Montreal, January 28, 2007 • No 210


Bradley Doucet is QL's English Editor. A writer living in Montreal, he has studied philosophy and economics, and is currently completing a novel on the pursuit of happiness.






by Bradley Doucet


          Liberty is won and preserved not primarily with guns, but with ideas. Spreading freedom requires that we spread an understanding of the benefits freedom brings, that we explain to whoever will listen how freedom is really in everyone's best interest. In making the case for a truly free society, however, we will inevitably come up against a wide array of illiberal beliefs that keep others from embracing our vision of a better world. The more we seek to understand those beliefs, the better we will be able to counter them and address the concerns that underlie them. In this ongoing series, I address some of the issues we can expect to face, along with brief outlines of the kinds of responses I think can be helpful.


BELIEF # 11: The environment is steadily deteriorating

January 28, 2007

          There are plenty of potential sources of concern when it comes to the environment. We are polluting the air we breathe and the water we drink; we are depleting the oceans of fish; we are punching holes in the ozone layer; we are warming the climate to dangerous levels—and all of these problems, we are given to believe, are only getting worse.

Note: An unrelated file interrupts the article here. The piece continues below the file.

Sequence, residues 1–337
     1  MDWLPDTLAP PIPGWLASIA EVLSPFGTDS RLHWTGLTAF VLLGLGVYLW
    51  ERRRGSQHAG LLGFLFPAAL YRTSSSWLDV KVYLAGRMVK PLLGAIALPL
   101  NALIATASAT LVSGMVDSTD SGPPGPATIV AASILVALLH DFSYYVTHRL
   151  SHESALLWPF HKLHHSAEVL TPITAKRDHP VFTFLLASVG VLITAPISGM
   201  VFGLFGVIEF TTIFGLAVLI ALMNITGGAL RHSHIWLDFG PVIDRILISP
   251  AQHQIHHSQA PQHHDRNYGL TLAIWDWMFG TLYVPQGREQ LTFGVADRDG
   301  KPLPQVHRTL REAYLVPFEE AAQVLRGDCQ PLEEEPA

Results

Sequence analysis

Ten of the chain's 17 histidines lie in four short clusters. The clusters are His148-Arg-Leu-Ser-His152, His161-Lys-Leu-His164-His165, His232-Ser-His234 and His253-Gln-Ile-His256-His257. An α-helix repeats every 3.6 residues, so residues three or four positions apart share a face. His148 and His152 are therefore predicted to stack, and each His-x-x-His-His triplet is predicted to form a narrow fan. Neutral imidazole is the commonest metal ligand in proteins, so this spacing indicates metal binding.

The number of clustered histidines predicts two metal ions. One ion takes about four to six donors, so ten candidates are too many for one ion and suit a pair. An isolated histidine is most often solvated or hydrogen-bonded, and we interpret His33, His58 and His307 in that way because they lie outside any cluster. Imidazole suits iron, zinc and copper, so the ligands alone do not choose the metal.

Taken together, these worries, along with the ones discussed in more detail above, make up what Danish statistician Bjorn Lomborg referred to as The Litany in his controversial(1) 2001 book, The Skeptical Environmentalist. Lomborg plumbs the available data and the environmentalists’ arguments on each of these issues and discovers, to his surprise, that things are not as bad as they are made out to be. Like forest cover, air and water quality are generally improving in the developed world, and have been for decades. The ozone problem had a fairly simple and affordable solution which has been implemented. As for the climate issue, even setting aside the serious uncertainties contained in computer models, it will be much easier for us to adapt to future warming than to try, largely in vain, to prevent it. Our trillions of dollars, Lomborg emphasizes, would be far better spent dealing with more pressing problems like poverty in the developing world—and, he adds, helping the world’s poor climb out of poverty would have the additional benefit of allowing them the relative luxury of caring about and improving the state of their forests and the quality of their air.